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Facebook credentials stolen by new malware posing as ‘stress-relieving’ painting program

Facebook credentials stolen by new malware posing as ‘stress-relieving’ painting program
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Given all the news that has surrounded Facebook, it would be understandable if you decided to deactivate or delete your account. Do that and, it could be reasoned, the privacy and security issues the site has would no longer be of much concern to you.

But if you have not gone that route and continue to use the site, you will want to do so carefully, since it has become clear that Facebook is not 100 percent on top of things when it comes to security. Furthermore, as long as people use the site, criminals will try to take advantage.

That's why with all the troubles Facebook finds itself in these days, one of the last things they needed was bad news that isn't even really their fault. Yet, that's exactly what has come down.

It's all about malware

Taking advantage of people who were having a rough day, a malware disguised itself as part of a program called "Relieve Stress Paint." Unicode representation allowed it to show up as an aol.net in search engines and emails, and from there more than 40,000 people downloaded it.

The program does what it says it will with regards to paint, changing colors and line size every time you click. But while it is doing that it is also copying Google Chrome data that keeps cookies as well as saved passwords for previously accessed Facebook accounts.

With access to Facebook accounts, the malware also gathered any payment details that were attached to the account, as well as the number of friends it had and whether or not it was used to manage a page.

The malware will copy Facebook credentials every time someone opens the app and each time the computer restarts, with the data then being sent to a command-and-control server. Through some investigating it appeared there was also room for collected Amazon accounts, though that code was probably not yet active given that it was empty.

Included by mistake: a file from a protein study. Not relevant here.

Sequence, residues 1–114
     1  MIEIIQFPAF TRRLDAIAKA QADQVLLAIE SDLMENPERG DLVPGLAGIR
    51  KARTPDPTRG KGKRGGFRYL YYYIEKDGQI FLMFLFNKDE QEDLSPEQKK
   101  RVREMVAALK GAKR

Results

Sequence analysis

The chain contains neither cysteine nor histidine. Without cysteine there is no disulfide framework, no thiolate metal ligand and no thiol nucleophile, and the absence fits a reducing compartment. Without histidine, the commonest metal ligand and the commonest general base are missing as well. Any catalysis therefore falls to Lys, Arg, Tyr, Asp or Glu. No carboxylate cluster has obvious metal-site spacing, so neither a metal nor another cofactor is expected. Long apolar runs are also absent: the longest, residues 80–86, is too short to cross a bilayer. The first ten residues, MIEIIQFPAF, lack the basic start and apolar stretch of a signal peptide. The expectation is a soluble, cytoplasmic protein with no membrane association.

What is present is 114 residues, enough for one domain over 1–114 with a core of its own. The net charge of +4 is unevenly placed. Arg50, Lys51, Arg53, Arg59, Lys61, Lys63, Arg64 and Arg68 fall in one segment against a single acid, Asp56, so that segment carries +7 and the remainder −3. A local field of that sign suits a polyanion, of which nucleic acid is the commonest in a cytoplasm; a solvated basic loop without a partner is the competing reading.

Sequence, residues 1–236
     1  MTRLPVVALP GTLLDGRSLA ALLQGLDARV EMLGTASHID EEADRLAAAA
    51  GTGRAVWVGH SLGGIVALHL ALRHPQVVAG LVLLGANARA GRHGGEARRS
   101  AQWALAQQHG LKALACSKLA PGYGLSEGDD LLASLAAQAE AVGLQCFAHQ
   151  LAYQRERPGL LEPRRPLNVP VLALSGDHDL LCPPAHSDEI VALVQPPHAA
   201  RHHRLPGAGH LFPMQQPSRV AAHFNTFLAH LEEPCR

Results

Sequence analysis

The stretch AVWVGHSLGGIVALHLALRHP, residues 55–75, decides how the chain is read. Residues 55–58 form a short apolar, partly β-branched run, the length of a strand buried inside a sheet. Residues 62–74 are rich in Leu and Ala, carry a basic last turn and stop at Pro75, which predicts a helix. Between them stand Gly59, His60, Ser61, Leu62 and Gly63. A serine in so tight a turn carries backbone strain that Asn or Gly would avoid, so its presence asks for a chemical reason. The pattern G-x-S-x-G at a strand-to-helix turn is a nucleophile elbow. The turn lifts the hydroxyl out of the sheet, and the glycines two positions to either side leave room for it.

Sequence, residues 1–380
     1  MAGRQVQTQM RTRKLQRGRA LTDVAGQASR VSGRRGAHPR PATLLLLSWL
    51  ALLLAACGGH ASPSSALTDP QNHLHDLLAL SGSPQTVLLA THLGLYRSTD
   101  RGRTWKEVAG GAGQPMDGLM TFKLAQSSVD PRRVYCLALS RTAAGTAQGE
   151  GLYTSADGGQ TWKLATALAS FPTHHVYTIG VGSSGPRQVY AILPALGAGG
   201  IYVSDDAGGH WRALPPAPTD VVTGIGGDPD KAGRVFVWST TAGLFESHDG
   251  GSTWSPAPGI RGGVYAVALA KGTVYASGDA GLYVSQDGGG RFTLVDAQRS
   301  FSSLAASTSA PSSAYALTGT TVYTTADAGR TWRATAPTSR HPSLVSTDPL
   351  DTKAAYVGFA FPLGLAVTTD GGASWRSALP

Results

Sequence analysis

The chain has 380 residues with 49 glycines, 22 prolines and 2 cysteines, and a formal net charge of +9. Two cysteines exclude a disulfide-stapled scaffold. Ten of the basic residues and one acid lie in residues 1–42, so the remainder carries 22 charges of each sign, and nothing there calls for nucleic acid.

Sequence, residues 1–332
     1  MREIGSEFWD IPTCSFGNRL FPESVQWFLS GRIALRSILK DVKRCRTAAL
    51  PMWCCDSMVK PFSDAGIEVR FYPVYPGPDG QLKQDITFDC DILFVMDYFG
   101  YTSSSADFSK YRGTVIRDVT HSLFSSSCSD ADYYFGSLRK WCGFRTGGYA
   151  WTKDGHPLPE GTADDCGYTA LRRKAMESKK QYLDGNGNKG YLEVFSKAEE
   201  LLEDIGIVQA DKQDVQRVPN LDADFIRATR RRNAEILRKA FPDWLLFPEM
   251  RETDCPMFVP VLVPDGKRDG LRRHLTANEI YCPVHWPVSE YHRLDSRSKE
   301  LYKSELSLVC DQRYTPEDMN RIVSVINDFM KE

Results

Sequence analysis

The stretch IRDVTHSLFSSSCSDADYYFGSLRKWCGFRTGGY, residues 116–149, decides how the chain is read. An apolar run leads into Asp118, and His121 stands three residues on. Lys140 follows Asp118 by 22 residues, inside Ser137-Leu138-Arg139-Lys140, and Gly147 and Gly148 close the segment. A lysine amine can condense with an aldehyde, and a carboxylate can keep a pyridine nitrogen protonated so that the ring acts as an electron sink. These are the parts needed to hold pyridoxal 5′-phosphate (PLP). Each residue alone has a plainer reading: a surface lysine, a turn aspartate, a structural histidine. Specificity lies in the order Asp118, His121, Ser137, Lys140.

In all, it was discovered that so far more than 40,000 computers had been infected and tens of thousands of Facebook accounts compromised.

Oh no, I downloaded the app!

A large reason why this was an effective kind of malware is that it does not steal anything so much as it does copy cookies and saved passwords by querying copies of the original cookies and login data files. No one is sure what was done with any information that was gleaned, but you can imagine what all it could be used for.

If you downloaded the app and are worried about your computer, it will be important to immediately change your password and also check the security and login section of Facebook's settings to see if there were any logins by unrecognized computers.

To do that, you need to click on the menu tab (upside down triangle on a desktop) and select "Settings." On the left-hand side, you will see an option for "Security and Login," which you will choose.

That will then provide a list of things, including a recent list of where you're logged in. If everything checks out, you should be good. If not, it will be a sign that you need to make some changes.

Cybercriminals have turned to your router to spread malware

We've always been warning you about how vulnerable your router can be if it's not configured properly. This newly discovered malware campaign does precisely that. If you're not careful, cybercriminals can quickly drain your bank accounts without warning! Learn all about how to protect yourself here.

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Source: ARS Technica
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